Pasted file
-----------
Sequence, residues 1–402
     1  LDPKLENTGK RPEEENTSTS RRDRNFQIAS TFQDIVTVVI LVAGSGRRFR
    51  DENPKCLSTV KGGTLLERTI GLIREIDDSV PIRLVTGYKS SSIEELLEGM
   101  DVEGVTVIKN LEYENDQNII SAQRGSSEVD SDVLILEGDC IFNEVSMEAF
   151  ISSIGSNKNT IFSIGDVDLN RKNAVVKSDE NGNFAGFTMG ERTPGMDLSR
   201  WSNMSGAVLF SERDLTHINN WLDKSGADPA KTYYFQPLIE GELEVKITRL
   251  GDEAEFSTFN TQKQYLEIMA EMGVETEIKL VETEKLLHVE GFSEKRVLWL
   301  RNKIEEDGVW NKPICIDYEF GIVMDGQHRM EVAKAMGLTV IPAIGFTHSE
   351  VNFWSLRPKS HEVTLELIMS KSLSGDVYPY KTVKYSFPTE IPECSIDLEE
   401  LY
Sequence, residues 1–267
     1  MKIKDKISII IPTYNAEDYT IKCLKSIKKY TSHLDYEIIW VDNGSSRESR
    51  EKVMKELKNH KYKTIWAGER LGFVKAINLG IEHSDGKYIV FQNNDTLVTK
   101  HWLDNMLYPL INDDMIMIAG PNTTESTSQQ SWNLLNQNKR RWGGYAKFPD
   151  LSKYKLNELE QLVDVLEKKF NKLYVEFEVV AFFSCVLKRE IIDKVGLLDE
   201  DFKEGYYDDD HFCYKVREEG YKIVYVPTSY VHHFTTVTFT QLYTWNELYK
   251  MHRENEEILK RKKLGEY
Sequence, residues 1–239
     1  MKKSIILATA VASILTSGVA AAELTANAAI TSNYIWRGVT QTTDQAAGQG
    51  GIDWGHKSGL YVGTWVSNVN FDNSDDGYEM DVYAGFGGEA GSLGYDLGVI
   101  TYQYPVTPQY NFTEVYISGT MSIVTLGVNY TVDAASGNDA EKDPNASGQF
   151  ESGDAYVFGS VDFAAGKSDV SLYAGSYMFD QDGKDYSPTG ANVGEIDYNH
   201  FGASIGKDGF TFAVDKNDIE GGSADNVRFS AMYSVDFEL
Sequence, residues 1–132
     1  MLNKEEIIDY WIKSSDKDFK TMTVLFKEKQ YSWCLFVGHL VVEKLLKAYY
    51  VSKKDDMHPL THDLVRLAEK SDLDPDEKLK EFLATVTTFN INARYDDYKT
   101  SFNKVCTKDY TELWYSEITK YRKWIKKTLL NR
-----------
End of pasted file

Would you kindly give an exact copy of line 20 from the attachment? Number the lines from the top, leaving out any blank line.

    51  GIDWGHKSGL YVGTWVSNVN FDNSDDGYEM DVYAGFGGEA GSLGYDLGVI